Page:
Fair_Trade _session 3


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Fair Trade in Tourism South Africa (FTTSA) a certification and marketing initiative : 

Fair Trade in Tourism South Africa (FTTSA) a certification and marketing initiative Presentation by Anthea Stephens

Tourism Development in South Africa : 

Tourism Development in South Africa Tourism has been identified as a major driver of post-apartheid socio-economic growth and transformation Sustainable job creation Poverty reduction Community development Black Economic Empowerment 1996 Tourism White Paper 2002 Tourism Growth Strategy 2002 Responsible Tourism Guidelines

Tourism Demand in South Africa : 

Tourism Demand in South Africa Strong domestic market, 47% of total industry value Total foreign arrivals in 2002 up 11% over 2001 – trend is still positive 1,8 million overseas arrivals in 2002 Up 20,1% from 2001 Traditional international source markets: UK, Germany, Netherlands, Switzerland,USA Growth markets: India, China, France 4,5 million arrivals from Africa in 2002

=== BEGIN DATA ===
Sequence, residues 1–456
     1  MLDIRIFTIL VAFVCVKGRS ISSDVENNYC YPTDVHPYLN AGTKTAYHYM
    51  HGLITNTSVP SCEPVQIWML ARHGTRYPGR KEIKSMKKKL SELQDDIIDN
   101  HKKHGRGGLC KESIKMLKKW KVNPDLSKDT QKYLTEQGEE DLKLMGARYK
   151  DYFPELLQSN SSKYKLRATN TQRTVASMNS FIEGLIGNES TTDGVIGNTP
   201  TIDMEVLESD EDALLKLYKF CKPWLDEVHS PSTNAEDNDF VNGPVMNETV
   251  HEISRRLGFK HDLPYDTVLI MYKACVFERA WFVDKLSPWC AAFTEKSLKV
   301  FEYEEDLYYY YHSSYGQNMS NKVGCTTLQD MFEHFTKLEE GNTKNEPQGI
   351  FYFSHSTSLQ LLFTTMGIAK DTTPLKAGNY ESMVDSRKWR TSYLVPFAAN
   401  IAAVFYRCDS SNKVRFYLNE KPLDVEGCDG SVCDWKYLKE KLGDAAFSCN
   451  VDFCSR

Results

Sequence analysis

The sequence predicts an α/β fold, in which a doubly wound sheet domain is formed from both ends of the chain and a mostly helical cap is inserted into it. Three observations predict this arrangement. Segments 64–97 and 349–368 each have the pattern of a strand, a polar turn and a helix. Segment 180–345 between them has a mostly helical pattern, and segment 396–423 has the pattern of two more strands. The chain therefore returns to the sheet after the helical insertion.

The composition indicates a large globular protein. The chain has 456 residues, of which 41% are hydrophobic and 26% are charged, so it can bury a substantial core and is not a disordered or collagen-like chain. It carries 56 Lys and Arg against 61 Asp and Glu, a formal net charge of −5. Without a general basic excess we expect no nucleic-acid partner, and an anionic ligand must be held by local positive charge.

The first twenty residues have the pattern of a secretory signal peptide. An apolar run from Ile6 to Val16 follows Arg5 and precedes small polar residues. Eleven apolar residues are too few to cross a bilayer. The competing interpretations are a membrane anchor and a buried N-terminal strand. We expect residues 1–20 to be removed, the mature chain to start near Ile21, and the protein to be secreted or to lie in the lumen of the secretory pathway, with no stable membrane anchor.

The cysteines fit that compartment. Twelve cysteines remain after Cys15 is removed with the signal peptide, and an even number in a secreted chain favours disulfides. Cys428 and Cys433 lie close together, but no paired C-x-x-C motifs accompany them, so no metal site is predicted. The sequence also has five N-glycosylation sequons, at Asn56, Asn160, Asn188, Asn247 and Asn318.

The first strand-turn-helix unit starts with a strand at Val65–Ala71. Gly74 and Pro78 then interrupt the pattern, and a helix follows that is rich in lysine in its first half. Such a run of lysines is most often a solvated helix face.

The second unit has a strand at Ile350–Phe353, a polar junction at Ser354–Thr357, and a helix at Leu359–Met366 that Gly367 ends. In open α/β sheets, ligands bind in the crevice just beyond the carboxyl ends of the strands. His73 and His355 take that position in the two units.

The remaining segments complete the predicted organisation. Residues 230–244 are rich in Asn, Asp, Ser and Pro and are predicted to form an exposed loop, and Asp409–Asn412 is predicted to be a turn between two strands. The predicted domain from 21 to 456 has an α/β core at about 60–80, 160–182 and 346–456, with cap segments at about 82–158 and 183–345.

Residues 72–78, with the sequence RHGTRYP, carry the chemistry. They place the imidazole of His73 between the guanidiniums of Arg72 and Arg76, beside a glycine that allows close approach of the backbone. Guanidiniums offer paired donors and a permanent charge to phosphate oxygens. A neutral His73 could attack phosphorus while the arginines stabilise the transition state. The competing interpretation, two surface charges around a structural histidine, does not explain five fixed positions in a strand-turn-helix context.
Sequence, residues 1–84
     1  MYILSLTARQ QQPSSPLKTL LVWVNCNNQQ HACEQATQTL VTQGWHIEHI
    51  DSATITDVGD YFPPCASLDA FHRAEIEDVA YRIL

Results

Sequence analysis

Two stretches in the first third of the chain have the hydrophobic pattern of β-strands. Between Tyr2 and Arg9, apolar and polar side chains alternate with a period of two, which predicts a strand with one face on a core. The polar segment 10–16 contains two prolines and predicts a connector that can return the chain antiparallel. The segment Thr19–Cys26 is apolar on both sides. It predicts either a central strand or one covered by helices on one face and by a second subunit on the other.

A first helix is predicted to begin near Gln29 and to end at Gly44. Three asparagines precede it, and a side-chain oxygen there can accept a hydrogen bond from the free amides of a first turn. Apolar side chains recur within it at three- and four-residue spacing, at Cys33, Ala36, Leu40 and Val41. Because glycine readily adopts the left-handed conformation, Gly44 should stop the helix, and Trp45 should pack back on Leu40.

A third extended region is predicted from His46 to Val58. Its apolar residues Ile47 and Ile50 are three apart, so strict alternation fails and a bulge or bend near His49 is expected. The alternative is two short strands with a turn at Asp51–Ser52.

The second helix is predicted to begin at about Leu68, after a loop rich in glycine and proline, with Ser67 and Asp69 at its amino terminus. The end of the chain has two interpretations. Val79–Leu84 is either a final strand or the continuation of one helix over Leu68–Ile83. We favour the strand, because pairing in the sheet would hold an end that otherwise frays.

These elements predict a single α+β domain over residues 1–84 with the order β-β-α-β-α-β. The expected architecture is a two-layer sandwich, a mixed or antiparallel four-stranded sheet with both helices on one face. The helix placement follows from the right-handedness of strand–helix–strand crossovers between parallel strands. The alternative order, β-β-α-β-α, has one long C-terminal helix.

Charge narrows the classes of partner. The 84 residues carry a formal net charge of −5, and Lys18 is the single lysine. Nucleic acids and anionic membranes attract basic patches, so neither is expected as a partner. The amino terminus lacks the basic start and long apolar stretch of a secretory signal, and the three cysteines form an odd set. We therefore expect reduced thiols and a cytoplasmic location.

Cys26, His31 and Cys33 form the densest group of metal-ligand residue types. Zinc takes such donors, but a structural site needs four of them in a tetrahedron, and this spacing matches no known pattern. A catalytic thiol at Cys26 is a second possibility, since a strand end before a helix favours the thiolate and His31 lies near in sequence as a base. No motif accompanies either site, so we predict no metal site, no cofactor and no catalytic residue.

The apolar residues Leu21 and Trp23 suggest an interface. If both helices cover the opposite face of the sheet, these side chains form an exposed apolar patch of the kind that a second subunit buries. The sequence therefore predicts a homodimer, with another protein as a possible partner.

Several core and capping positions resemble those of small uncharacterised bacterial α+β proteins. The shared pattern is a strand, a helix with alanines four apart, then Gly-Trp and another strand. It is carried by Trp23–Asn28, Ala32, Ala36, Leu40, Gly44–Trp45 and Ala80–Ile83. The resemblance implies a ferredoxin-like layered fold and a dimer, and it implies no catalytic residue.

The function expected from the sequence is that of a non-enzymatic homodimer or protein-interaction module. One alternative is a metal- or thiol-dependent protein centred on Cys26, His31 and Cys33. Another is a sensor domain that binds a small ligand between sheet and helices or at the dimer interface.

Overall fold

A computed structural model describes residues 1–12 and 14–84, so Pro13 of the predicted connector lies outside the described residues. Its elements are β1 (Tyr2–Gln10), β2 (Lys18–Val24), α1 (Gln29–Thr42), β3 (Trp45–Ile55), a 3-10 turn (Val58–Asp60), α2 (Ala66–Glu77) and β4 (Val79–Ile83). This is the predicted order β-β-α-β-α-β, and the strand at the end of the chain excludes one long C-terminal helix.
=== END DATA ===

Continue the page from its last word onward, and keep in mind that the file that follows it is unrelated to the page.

What is Fair Trade? : 

What is Fair Trade? Initiated in Europe in the 1960s to help producers in developing countries receive fair share of revenue from sale of products Products / organisations carrying the Fair Trade label guarantee that the production process is “fair” Fair Trade products include coffee, tea, cocoa, honey, sugar, rice, fruit, cut flowers, etc. Sales of Fair Trade products grew 21.2% from 2001 - 2002 Biggest markets are UK & Switzerland, fastest growing are Austria, France & Norway, greatest penetration is in Switzerland & Netherlands. Fair Trade products now in 43 000 supermarkets in Europe & US, and in 12 000 retailers, e.g. Starbucks.

What is Fair Trade in Tourism? :